Ali taunted Foreman even when a punch connected, “Is that the best you’ve got? Is that the hardest you can hit, chump?” By the end of the fourth round Foreman was spent and Ali picked him off while continuing the taunt the champion and now also his corner. Given Foreman remained a huge danger, Dundee instructed Ali to refocus on the task in hand. In the eighth round, Ali found an opportunity for a sustained assault on the exhausted Foreman and knocked him down for the first time in his career. Foreman could not beat the count and Ali became only the second ever two-time heavyweight champion.
If the Sonny Liston fight was the formative one of Ali’s career, then the Foreman fight was the most satisfying. To what extent was witnessed by sportswriter Jerry Izenberg when he and Ali were on the banks of the Zaire River, Ali looked out over the water’s edge and said to Izenberg, “You’ll never know how long I’ve waited for this. You’ll never know what this means to me.” — Dundee
After a handful of defences, Ali decided he wanted to have another crack at Frazier since winning two out of their three fights would prove to the world that he was indeed The Greatest and 18 months after his heroics in Africa, Ali would fight his old rival in the Philippines.
The Thrilla in Manila
It’ll be a killa, a chilla, a thrilla, when I get the Gorilla in Manila
The above was another Ali poem which gripped the public and formed the famous Thilla in Manila. The insults between the pair continued with Frazier insisting:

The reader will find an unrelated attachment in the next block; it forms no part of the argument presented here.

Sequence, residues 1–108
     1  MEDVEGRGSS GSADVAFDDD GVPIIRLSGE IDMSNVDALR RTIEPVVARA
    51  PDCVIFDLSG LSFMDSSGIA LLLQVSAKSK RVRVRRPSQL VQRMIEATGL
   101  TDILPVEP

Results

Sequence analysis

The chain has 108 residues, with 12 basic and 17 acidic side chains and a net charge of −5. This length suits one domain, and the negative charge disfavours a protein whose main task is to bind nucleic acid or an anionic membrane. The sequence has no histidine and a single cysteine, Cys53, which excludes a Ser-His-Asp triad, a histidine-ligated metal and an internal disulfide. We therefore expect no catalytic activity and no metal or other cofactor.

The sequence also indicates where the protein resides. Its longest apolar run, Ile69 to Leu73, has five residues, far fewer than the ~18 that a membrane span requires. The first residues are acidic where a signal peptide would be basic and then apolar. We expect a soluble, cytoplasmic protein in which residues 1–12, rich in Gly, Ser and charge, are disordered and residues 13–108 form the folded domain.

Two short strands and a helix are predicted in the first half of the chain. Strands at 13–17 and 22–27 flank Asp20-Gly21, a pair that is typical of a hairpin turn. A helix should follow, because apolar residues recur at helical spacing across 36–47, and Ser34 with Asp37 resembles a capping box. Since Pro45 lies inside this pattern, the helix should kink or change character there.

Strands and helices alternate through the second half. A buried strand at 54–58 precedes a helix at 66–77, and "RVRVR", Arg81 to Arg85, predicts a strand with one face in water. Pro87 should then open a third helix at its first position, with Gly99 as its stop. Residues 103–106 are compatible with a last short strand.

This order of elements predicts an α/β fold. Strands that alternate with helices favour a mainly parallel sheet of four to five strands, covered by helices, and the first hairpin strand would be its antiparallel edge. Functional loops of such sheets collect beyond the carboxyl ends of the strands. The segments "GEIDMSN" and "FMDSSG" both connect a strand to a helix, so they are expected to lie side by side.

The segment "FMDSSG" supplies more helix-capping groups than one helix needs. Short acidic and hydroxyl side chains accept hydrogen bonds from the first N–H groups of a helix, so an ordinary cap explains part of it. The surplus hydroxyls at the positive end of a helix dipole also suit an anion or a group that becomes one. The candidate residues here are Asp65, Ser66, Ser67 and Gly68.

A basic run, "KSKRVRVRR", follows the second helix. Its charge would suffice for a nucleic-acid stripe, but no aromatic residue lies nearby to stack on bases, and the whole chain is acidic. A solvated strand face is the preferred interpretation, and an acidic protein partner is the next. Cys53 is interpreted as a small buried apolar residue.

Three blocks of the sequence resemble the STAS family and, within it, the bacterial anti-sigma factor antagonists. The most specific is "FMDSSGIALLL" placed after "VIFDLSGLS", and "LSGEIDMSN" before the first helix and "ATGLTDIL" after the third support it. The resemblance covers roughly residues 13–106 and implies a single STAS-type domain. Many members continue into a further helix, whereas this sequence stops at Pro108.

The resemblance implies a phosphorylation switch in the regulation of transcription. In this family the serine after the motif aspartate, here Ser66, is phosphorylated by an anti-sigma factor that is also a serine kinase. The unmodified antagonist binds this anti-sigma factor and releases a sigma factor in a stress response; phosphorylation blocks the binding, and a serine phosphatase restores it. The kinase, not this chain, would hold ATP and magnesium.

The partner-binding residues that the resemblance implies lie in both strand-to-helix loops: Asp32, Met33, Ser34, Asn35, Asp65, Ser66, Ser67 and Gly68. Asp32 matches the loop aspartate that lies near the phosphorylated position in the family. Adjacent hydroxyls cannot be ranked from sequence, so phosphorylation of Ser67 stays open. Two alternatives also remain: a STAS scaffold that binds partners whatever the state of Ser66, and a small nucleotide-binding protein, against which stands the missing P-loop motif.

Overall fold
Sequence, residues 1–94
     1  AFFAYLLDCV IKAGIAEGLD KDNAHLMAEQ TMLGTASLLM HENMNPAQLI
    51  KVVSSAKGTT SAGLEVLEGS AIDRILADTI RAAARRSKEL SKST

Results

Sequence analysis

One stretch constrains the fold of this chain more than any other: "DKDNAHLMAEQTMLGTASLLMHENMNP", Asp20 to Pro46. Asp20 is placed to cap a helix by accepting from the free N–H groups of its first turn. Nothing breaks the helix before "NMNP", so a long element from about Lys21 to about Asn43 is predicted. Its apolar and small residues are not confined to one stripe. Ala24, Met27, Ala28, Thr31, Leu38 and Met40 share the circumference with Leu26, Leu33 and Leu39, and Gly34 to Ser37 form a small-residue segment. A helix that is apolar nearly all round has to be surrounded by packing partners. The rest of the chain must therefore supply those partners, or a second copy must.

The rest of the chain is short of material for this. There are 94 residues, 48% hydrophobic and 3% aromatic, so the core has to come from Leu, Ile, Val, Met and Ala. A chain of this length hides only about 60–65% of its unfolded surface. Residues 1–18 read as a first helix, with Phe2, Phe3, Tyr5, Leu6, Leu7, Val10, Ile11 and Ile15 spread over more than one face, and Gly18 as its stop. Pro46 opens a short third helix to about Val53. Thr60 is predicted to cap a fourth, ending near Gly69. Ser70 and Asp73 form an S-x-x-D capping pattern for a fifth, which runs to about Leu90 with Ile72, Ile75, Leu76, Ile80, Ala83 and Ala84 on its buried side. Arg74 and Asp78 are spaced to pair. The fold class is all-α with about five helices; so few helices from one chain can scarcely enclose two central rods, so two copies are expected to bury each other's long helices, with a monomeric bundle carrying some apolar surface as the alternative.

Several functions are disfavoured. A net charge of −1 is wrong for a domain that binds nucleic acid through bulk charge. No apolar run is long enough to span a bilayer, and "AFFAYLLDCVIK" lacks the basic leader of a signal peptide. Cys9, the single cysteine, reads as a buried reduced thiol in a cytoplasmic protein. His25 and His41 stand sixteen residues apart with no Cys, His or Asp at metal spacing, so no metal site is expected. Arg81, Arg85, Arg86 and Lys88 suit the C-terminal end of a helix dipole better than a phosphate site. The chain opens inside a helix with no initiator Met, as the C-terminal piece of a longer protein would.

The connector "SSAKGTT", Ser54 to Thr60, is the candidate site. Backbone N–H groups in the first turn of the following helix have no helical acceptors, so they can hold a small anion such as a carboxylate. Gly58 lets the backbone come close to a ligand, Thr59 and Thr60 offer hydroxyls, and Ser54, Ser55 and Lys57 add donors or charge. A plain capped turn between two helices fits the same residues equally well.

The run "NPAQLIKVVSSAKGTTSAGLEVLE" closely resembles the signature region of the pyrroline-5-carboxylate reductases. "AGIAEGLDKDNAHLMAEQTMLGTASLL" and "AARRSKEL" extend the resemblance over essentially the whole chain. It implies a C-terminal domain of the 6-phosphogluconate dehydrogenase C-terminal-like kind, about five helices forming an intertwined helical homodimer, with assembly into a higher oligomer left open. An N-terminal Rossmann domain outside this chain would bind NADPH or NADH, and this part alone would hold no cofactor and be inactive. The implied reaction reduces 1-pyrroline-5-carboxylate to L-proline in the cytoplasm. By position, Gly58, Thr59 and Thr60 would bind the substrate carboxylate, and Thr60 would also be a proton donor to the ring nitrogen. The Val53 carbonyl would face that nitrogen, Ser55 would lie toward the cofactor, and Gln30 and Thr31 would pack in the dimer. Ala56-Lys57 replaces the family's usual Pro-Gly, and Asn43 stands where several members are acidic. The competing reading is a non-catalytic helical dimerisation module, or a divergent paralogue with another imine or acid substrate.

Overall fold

It’s real hatred. I want to hurt him. I don’t want to knock him out in Manila. I want to take his heart out.
During the weigh-in Frazier reiterated what he was planning for Ali and Ali for a change went on the offensive. The first two rounds were all Ali but Frazier, who Ali thought was a spent force, fought back through pure rage as he embarked on an unyielding assault for the next four rounds. Dundee recalled:
Coming out for the seventh Muhammad, knowing he was now in a fight, grabbed Frazier and whispered in his ear, “Old Joe Frazier, they told me you were washed up.” Frazier merely snorted back, “They lied, pretty boy,” and punctuated his answer with a bone-rattling left.
Frazier asserted his superiority until the eleventh round where Ali seemingly found his second wind cutting Frazier and closing his left eye. As they moved into the championship rounds, the challenger was caught by multiple combinations, yet did not go down.
“Incredibly Frazier was still there at the bell. His face now had the look of an apple which had been halved and pieced back together off-centre.”